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'They make it impossible': Council red tape in way of war grave volunteers

Local councils often stand in the way of young people trying to keep the nation's war graves in pristine condition, a volunteer says.

A before and after photo of a war grave restored by The New Zealand Remembrance Army.
A before and after photo of a war grave restored by The New Zealand Remembrance Army. Photo: RNZ / Supplied

Hundreds of young people will be out at the weekend helping to clean graves of returned servicemen and women in readiness for Anzac Day.

The work is being coordinated by the New Zealand Remembrance Army, a volunteer group set up five years ago to restore and maintain war graves.

Group founder Simon Strombom said it had been working with the Student Volunteer Army and there would be teams at 30 sites around the country doing a general tidy-up of the war graves and also remembering those who died and their families.

"Keeping the generations alive with the spirit of Anzac."

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Simon Strombom. Photo: Supplied

Strombom said there had been a mixed response from councils to their work, with those in larger centres making their work next to impossible.

"It seems to be the larger the council, the more process and procedure they make us jump through.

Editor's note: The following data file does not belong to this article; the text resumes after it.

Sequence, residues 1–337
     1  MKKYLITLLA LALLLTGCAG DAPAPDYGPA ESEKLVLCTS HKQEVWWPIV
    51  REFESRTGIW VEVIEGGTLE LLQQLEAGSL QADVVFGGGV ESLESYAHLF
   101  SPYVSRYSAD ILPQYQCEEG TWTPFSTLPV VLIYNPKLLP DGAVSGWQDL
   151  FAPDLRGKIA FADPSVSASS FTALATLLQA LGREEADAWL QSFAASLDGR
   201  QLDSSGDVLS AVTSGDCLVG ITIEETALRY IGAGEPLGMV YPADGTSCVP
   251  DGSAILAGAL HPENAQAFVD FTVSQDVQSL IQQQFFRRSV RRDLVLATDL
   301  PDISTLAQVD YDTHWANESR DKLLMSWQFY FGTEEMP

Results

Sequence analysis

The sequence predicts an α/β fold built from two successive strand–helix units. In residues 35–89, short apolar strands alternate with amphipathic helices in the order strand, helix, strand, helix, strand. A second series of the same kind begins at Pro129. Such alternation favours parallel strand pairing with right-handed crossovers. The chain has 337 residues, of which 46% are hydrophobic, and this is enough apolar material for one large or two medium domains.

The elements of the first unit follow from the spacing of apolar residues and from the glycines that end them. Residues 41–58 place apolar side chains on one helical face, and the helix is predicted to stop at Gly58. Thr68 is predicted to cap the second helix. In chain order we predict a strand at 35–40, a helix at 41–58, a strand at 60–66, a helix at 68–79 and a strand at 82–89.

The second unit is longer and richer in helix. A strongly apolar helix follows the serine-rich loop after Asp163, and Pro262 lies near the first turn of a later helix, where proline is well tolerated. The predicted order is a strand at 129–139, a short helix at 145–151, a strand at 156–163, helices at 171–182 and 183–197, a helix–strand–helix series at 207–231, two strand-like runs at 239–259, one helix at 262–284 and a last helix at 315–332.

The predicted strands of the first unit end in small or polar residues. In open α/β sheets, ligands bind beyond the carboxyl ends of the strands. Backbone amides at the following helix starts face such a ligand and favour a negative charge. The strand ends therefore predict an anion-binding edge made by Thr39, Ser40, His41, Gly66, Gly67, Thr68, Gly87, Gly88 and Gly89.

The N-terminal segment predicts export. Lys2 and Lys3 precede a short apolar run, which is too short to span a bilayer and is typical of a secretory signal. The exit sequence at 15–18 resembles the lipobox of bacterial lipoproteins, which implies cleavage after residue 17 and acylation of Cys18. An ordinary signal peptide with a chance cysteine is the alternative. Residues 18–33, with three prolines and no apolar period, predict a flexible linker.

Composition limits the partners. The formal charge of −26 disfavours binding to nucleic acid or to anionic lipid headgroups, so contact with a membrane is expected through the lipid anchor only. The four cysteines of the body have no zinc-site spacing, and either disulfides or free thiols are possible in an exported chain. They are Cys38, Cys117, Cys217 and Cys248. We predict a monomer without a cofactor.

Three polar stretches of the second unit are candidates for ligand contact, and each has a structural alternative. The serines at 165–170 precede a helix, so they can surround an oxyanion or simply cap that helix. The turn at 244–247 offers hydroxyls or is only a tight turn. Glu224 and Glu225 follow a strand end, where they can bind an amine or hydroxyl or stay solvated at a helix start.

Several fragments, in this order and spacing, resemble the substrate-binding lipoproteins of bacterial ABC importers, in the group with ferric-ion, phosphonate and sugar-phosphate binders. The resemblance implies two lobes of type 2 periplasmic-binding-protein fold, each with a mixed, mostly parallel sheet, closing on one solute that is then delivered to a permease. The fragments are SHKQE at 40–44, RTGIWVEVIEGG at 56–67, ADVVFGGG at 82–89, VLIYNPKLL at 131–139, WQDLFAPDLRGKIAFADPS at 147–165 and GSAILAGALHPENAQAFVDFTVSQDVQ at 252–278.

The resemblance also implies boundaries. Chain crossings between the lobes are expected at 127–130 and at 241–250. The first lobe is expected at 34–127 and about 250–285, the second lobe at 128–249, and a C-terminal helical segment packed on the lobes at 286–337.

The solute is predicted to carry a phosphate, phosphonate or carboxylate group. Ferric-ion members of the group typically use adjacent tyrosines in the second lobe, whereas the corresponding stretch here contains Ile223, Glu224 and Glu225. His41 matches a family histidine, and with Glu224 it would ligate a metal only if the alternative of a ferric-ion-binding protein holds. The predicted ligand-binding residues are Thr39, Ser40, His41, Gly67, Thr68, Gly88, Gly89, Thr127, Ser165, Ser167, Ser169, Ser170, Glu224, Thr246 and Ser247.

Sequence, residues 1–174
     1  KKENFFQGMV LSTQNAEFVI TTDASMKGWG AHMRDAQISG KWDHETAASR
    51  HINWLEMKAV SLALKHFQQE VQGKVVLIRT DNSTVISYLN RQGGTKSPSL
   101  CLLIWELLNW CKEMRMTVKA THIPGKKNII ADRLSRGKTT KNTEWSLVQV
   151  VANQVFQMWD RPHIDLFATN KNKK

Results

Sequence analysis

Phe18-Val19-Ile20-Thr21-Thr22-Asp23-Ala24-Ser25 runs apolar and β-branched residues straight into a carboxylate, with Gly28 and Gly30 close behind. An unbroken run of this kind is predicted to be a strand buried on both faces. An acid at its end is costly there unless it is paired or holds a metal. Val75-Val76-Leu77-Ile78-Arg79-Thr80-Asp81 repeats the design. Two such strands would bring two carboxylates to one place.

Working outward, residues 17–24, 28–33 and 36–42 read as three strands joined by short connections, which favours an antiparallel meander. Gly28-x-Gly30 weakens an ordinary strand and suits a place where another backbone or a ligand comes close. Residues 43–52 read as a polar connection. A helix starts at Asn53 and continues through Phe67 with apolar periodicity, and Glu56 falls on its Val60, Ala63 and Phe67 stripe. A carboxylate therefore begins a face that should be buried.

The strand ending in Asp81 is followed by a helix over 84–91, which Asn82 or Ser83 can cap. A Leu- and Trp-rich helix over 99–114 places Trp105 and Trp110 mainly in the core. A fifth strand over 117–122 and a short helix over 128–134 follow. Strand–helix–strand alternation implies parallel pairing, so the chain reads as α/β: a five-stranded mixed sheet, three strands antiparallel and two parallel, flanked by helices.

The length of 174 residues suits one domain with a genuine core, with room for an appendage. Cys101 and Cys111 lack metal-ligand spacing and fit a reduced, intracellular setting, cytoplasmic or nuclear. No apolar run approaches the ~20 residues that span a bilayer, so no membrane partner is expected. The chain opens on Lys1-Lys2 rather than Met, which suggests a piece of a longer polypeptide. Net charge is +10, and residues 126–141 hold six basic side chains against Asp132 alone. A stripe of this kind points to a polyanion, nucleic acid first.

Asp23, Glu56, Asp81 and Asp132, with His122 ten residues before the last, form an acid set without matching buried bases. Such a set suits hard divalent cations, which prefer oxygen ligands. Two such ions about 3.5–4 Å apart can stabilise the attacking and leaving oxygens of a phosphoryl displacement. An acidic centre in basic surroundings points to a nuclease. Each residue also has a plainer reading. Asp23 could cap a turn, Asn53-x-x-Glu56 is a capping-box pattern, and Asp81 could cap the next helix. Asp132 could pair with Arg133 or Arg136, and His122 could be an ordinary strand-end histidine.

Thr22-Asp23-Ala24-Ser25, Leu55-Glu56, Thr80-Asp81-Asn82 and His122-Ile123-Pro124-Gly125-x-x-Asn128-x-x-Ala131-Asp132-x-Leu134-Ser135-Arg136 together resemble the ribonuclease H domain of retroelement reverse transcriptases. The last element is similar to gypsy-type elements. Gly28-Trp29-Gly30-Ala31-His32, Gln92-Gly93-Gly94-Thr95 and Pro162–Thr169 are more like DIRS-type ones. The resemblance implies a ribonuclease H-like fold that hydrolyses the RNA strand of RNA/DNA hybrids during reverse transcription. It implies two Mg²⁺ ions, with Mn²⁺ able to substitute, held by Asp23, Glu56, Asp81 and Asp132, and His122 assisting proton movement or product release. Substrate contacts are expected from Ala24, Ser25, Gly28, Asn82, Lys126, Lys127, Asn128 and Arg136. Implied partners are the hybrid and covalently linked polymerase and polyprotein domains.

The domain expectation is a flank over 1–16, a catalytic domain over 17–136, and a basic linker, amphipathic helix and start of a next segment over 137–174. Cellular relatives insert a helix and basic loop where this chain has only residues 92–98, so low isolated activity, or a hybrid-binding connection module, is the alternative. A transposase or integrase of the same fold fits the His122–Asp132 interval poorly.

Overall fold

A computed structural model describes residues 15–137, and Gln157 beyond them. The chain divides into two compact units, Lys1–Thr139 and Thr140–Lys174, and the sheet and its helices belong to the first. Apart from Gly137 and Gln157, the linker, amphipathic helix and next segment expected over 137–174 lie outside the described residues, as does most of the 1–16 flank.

"Some of them make us jump through stuff that virtually destroys volunteerism - they make it absolutely impossible."

He said councils were keen on relatives being contacted but the group members had only succeeded in one in 25 cases so far. One example in a cemetery was locating the families of soldiers with the surnames of Smith, Jones and White which proved unsuccessful.

So far the group has cleaned about 90,000 war graves and has also compiled the stories of about 3500 men and women who served.

"We've found some fascinating stories around the country."

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Many stories about the war veterans' lives are being revealed as part of the clean-up. Photo: Supplied / Remembrance Army

The army has a Facebook page where members post details about completed restorations and stories so whānau can check if their ancestors' graves have been attended to.

The work is paid for in part by their main sponsor, AMP, which has allowed 16 unmarked graves around New Zealand to be restored and they will be unveiled this weekend.

Other sponsors, RSAs, the Ranfurly Trust and private donations also help to pay for their work.